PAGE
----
But how gould would such a camera be for entry level medium format photography?

    How were the lenses on these old Yashicas?
    Can I expect optical image quality comparable at least to modern cheap SLR kit zooms?

    And how reliable are they? do they brake down often?
     
  23. André E.C.

    André E.C. Member

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    Crazy? No way David, the look is something very special with that film:smile:.
    I would like to have a 16mm Bolex from Switzerland, but the negotiations with the "Boss" are though at the present, I`m facing big budget cuts:smile:.

    http://cgi.ebay.com/BOLEX-16mm-Movi...QcategoryZ4691QQcmdZViewItem#ebayphotohosting

    Cheers and have fun with the Super 8:smile:!

    André
     
  24. Will Whelan

    Will Whelan Member

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    The Yashicas are great. I've got one and I've been really happy with it. I recently bought a Hasselblad and I'm even happier with that...

    I would NOT buy a new camera. If personal satisfaction is about having a "new smelling camera" and not about making a photograph, then go ahead and spend the money. You'll be like the man who buys a Ferarri to smell the leather inside, and not actually drive the car. It's about making a photograph, or at least that's where the satisfaction should be. Used gear can be had for much less, you can get much more for your dollar, and if bought from the right place it can be in excellent condition.

    That said, enjoy MF. It'll be around for a while longer, and it's great fun. Hell, look at Super8; people are still messing around with it and it "died" ages ago.
     
  25. Ed_Davor

    Ed_Davor Member

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    It's not about the smell, I just don't want to be wondering when and if the thing is going to brake down. Let's face it, used good MF gear is almost as expensive as cheap new MF gear, and that's a lot of money, at least for me. So if I'm going to spend that much money, I'd like to think I did everything in my power to make it last. Buying used gear can be a russian rullet sometimes. Not because someone is trying to cheat you, but because things just have their time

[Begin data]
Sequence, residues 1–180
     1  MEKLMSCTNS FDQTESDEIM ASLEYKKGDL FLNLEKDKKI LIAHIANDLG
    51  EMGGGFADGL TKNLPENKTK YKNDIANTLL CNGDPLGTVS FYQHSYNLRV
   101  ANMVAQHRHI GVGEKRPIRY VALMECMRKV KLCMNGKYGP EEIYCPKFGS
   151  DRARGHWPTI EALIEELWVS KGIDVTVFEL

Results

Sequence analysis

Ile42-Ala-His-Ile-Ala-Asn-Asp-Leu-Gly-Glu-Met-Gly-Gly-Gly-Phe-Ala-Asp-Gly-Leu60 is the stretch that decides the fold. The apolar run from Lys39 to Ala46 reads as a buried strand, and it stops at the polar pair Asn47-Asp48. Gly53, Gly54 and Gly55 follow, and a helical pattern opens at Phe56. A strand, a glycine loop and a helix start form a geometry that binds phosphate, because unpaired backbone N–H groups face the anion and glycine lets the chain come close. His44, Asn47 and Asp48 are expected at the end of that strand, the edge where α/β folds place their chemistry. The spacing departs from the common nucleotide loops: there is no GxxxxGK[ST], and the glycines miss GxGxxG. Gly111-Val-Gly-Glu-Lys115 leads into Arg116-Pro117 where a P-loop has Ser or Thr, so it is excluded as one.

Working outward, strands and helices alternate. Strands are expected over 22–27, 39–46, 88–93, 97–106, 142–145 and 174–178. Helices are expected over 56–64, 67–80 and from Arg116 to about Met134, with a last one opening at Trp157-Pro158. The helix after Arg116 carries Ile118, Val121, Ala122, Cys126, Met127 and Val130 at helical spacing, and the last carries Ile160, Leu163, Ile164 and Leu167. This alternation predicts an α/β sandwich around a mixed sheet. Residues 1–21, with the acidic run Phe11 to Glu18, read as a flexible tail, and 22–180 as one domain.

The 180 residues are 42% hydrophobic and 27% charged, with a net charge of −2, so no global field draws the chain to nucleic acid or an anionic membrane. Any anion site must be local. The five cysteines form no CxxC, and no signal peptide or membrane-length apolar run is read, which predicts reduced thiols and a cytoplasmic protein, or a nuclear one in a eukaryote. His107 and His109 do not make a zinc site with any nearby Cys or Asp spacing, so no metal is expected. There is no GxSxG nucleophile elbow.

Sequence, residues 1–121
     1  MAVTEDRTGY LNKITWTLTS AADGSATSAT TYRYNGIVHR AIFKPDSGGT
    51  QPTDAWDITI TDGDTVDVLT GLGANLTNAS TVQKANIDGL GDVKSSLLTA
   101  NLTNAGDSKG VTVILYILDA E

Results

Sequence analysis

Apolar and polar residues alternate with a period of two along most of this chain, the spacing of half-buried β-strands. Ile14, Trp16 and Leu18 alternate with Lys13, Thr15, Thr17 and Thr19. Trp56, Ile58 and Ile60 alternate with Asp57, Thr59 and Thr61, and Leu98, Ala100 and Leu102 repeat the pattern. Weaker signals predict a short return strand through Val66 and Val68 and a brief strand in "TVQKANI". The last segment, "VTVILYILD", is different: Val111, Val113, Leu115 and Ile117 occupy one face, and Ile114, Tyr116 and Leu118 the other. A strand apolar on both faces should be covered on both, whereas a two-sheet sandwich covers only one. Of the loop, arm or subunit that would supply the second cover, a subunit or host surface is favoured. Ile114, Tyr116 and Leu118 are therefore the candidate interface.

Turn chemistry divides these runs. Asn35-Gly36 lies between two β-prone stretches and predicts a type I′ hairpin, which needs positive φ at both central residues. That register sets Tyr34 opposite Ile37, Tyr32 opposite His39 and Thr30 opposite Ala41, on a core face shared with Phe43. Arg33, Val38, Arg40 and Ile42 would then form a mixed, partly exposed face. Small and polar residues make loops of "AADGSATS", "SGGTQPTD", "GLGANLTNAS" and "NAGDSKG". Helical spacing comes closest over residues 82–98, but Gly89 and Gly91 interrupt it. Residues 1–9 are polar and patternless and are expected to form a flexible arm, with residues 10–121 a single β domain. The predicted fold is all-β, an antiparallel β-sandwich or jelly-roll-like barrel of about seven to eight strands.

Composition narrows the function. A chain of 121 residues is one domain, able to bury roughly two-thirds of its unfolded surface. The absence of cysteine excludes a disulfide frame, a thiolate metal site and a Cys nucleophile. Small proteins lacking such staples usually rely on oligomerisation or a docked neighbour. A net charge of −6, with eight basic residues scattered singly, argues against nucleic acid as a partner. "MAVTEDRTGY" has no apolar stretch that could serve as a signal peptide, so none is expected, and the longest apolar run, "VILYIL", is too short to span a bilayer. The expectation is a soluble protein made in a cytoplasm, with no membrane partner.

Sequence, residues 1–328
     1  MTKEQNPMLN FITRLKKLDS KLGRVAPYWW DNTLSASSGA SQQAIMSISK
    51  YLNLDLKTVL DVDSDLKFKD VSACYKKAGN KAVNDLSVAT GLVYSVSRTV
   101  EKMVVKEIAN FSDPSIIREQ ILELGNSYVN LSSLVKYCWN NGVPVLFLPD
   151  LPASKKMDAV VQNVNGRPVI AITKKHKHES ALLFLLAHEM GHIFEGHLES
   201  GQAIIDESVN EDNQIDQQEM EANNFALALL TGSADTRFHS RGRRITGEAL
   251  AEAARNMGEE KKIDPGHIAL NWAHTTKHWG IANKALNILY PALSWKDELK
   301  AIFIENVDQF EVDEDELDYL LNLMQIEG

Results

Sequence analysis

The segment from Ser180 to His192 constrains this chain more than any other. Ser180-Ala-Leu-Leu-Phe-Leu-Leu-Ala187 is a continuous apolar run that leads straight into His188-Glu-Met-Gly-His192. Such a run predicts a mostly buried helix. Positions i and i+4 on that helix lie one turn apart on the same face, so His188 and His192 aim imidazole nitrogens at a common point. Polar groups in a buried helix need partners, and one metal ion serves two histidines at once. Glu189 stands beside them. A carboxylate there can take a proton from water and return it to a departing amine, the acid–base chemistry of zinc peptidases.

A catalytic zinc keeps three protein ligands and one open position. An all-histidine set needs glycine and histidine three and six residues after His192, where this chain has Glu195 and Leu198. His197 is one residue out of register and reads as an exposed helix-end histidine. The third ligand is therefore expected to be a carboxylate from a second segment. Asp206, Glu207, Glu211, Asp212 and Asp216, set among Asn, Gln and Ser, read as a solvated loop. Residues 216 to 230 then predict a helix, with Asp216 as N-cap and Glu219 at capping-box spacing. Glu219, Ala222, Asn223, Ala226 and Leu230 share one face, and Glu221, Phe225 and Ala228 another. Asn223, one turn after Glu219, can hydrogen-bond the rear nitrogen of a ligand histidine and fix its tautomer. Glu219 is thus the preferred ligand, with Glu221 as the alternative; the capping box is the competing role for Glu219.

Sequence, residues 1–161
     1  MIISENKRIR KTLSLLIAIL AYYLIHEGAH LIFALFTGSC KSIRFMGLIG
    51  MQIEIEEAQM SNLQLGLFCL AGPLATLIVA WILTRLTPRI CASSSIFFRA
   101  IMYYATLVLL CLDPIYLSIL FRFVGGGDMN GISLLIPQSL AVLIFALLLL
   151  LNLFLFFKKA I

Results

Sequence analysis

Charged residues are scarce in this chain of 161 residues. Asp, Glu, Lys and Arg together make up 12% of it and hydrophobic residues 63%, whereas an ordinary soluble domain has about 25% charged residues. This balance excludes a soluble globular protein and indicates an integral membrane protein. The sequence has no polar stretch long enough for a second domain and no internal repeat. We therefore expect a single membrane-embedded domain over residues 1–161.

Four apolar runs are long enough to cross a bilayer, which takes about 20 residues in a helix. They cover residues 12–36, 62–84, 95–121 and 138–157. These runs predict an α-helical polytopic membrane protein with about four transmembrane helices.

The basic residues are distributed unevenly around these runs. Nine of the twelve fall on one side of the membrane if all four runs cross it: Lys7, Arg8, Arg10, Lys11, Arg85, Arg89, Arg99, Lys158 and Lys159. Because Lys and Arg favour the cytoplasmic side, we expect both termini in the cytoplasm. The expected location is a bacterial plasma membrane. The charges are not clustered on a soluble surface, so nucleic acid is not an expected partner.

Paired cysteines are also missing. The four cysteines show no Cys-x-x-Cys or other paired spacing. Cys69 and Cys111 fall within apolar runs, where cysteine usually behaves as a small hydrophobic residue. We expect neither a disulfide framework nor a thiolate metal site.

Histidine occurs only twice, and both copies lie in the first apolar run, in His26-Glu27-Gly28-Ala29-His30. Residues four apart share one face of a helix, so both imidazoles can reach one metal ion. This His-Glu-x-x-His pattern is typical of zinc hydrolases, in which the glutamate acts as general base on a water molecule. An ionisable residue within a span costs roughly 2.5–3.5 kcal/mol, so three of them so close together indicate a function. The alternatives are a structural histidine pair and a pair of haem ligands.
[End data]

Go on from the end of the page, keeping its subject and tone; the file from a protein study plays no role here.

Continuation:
I've been looking at prices of new stuff again..

    and I've found a combination that is not so unrealistic for me to buy in the following year.
    Its Mamiya 645 pro TL body + Sekor C f2.8/80mm + 120 film back

    All that for about $1600, and I'd have to use the focusing screen for a while.
    Too bad I don't live in US, the same kind of combination costs even less in US (about $1200 at B/H) and importing would cost me even more than the local price

    This is the cheapest new combination that I could come up with

    In about a year I could buy that.

    But I might get a Yashica first to play with MF till then.


    I don't know, these things are just so darn expensive
     
  26. gnashings

    gnashings Inactive

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    I think if you read the replies in this thread... you will see that this statement is completely inaccurate. I think that is what most folks here were trying to tell you.
    Also, most MF gear is built to pro standards, used by pros who take good care of their equipment - I doubt you will see any relaibility issues with most of it.
    But, hey, its your purchase.